Each Peer Gynt I review becomes increasingly ambitious: is this the Peer Gynt par excellence? The Norwegians certainly love their Grieg—every bar of music, every declamation by the actors, has the ring of total conviction. The accompanying booklet allows you to follow the original-language text as well as its simultaneous translation in English; the sojourn into Ibsen's native dialogue reveals the music of his words. The surround sound medium permits all sorts of vibrant effects to emerge in your musical space, the horns, the timbrels, the peasant violin. I have a picture of a beleagured John Garfield speaking to Karl Malden in their 1951 production of this drama; were their realization, too, preserved with as much fidelity as this inscription! Kudos to vocalists Hagegaerd, Kosmo, and Solberg for their splendid contribution to the sung incidental music. I doubt not that actor Hungnes is the Maximilian Schell of Norwegian drama. Conductor Ruud and the recording engineers for this 2003 production have created a definitive account of Peer Gynt, until someone resurrects Grieg himself at the podium and Ibsen in the narration. [The included booklet of photos from various Peer Gynt productions since its premiere gives a fascinating summary of this popular drama, which is right up there with Shakespeare in its popularity...Ed.] Gary Lemco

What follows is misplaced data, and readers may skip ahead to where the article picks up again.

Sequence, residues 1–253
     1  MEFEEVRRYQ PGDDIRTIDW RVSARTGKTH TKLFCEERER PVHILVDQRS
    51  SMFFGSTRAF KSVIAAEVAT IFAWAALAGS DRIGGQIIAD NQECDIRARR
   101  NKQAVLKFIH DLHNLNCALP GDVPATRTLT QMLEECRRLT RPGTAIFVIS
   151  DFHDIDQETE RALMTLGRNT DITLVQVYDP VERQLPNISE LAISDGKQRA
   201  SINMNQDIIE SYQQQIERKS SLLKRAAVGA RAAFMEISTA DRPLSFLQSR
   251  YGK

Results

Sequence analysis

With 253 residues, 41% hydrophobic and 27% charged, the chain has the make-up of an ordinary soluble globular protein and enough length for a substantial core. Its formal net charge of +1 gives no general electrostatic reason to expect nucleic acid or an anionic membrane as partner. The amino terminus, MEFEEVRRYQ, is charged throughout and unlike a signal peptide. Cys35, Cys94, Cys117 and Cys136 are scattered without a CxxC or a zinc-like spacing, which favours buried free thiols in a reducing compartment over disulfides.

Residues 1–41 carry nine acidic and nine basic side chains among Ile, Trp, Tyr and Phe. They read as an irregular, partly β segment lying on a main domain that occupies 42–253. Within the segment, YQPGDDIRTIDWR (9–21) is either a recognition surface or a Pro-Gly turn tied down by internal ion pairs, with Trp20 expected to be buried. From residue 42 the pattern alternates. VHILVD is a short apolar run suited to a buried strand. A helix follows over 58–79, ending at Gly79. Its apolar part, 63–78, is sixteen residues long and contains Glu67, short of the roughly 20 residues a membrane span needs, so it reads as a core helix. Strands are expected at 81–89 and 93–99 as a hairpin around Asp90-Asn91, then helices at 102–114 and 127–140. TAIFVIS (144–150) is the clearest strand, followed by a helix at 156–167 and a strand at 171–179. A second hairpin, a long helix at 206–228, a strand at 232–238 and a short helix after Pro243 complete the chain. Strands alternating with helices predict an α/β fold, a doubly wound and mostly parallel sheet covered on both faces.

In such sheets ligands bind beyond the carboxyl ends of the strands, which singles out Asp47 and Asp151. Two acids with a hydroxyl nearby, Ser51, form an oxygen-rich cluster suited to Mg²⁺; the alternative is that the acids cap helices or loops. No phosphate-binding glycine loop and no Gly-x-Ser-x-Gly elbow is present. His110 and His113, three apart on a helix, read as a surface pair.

A reflective and gentle Messiah in complete contrast to Harnoncourt's effort of 24 years ago.
HANDEL: Messiah (complete) - Christina Schäfer, Anna Larsson, Michael Schade, Gerald Finley, with the Arnold Schoenberg Choir and Concentus Musicus Wien conducted by Nikolaus Harnoncourt - Deutsche harmonia mundi Multichannel SACDs 72039 (2 discss, 2 hours, 22 mins.) ****:
There is no shortage of outstanding recordings of Handel's Messiah. According to your taste, you can find Handel's masterpiece on modern instruments with a modern aesthetic (Colin Davis' 1966 recording on Philips, still notable for its razor sharp sound, quick as a flash choral work and tremendous quartet of soloists led by John Shirley-Quirk) or authentic instruments with an authentic aesthetic (either Mark Minkowski's 1997 version on Archiv, faster still than Davis, or Paul McCreesh's version for the same label of a year earlier, while many regard John Eliot Gardiner's 1983 version on Philips as the best). And then there is Nikolaus Harnoncourt.
His 1982 recording was vintage Harnoncourt at his most excessive: dramatic contrasts, details subsumed in the sweep of the musical progress, exciting, almost tumultuous, a brilliant tour de force. This new recording is its polar opposite: reflective, gentle, with an organ continuo that soothes the nerves, and a quartet of singers that feature elegance, technique and ornamentation but always to raise the spirit, never merely to dazzle the ear. Not to mention a wonderfully imaginative "Hallelujah" chorus that will most likely startle you beyond any reasonable expectation.
The performance, recorded live in the Musikvereinssaal in Vienna last December, benefits immensely from as much volume as your system can comfortably afford, and expands confidently into the beautiful space. The liner notes consists of a flow chart of the work and a few brief comments on the edition, both by Harnoncourt, and a provocative essay by Sabine Gruber, "Who was George Frideric Handel?" And while Harnoncourt's new version does not answer Ms. Gruber's question (indeed, adding together all the available Messiahs would not bring us much closer to the answer), it is a remarkable response at a time when its qualities of compassion and reflection should be prized very highly. Laurence Vittes